I was a friend of a guy who Liza was dating - 14, 15. There was going to be this Christmas party and during this party Judy Garland asked me to play for her. First of all I knew everything Judy Garland did. In fact she picked a rather obscure song, which was "The Christmas Waltz" by Jule Styne, and I knew it. I said to her, "What key do you want?" She said, "I start off on an F." I said, "You got it." Then I played for her "San Francisco". The big thing of that night was that I had written songs for Liza to sing and this was the first time Judy was going to hear Liza sing. The big thing about that Christmas was that when it was over they sent me home in a limo and I remember calling my mother to tell her that I was going to be late because I was going to take the limo to all my friends and knock on their door and say, "You're never going to believe what I came home in." I wrote a piece of material for her to do in concert with Liza.
Hamlischian I think at its best is a good grounded melody, almost old-fashioned, it's melodic and it has emotional appeal. That's it's strength. Most people do think of my music as romantic. It's a little on the old-fashioned side.
Do you smart from the suggestion that A Chorus Line is unhummable?
I think it's a very bad assumption that if something isn't hummable somehow it's not good. Do you think anybody could hum "There's a Place For Us" or "Maria" the first time through? Those are very complicated songs. Sometimes shows should be hummable. In A Chorus Line I tried to write songs that should sound like they were coming instantly out of the character. And sometimes you could hum it and sometimes most of the time you couldn't. I did not try to "write one down the pipe". They're Playing Our Song critically for me did much better music wise than A Chorus Line the first time through. Humming is a bad criterion. Is that the standard we're going to set? If you can hum it it's great. It shouldn't work like that. I think there's too much emphasis on that song that you come out humming. The thing is that if you have an emotional experience in the theatre, that's the home run. That's the hummable part. The hardest thing is not to write a hummable song. The hardest thing is to write a show in which people are moved by it. I don't set out to write a hummable tune.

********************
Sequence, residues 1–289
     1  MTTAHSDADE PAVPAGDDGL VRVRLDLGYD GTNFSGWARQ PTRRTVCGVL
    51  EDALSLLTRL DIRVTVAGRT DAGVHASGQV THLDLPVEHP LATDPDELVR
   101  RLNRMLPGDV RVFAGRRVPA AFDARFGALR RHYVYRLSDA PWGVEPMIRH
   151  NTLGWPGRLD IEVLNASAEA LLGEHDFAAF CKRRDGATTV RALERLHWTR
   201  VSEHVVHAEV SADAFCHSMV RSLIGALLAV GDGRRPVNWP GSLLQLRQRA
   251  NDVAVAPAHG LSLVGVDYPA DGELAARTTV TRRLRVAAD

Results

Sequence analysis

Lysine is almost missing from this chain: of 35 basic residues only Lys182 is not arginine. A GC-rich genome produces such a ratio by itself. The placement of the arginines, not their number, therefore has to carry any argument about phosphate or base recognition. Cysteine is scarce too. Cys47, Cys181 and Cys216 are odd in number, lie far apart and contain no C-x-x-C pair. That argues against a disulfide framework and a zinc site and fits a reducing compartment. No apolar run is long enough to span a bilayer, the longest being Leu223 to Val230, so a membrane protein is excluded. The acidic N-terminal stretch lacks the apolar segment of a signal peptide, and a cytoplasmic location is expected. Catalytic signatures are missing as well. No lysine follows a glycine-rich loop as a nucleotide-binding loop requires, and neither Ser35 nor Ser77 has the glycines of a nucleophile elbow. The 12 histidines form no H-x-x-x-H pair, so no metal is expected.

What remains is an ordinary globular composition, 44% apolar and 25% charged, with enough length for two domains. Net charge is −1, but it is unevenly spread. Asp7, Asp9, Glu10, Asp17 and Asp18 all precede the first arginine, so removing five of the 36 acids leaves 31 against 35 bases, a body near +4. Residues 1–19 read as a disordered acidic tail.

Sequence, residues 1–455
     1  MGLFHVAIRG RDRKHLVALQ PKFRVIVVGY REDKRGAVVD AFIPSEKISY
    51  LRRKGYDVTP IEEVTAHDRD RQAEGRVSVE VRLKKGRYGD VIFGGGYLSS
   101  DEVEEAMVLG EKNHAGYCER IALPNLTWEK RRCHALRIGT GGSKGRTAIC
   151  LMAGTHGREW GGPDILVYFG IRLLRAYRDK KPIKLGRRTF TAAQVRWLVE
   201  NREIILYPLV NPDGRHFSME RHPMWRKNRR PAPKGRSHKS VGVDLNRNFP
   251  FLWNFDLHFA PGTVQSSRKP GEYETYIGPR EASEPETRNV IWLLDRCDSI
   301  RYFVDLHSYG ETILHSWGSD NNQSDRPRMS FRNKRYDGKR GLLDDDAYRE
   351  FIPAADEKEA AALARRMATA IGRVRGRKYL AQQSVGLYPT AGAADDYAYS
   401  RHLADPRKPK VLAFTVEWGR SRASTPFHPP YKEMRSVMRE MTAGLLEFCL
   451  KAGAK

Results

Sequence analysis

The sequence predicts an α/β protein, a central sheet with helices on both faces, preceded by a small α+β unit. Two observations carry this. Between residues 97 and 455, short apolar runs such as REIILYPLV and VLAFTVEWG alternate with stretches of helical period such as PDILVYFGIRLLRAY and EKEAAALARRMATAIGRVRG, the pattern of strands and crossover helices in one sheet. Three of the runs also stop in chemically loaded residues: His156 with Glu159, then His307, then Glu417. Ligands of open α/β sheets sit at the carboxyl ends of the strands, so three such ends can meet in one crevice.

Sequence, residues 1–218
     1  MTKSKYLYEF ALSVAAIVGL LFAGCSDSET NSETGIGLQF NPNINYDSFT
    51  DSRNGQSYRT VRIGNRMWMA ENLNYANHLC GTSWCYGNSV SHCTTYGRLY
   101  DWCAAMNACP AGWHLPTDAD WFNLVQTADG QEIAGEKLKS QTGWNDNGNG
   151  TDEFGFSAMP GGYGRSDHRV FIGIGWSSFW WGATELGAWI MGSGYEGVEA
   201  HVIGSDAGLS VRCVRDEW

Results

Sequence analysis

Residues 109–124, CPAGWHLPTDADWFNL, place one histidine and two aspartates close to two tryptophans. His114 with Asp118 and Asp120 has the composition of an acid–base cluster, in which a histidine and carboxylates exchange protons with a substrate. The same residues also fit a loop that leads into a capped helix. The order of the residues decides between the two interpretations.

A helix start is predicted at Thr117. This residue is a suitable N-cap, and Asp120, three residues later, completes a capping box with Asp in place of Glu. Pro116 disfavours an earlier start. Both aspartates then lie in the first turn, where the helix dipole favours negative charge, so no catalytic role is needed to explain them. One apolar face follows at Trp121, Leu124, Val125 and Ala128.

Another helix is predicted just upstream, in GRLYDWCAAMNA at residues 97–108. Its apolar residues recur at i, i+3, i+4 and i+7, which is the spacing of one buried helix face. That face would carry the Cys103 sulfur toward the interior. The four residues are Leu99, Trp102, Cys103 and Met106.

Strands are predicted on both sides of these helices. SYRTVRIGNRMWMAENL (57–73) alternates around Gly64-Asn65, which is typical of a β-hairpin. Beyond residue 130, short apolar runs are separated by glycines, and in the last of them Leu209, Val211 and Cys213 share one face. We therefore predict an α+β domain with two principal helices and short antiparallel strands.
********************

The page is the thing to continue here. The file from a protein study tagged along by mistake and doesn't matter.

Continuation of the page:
That said, what is your most hummable tune?
It's not hummable but actually it became a hit. "The Way We Were". Very tough song. The most hummable song I ever wrote was "They're Playing Our Song". I used to say, "People can hum that before they hear it." Sometimes what happens with plagiarism is you don't do it knowingly normally. Sometimes you just hear something out of the jukebox and then five years later that melody crops and you honestly believe you wrote it. It turns out, whoops. I'm amazed there isn't as much plagiarism as there is. There's only 12 notes, folks.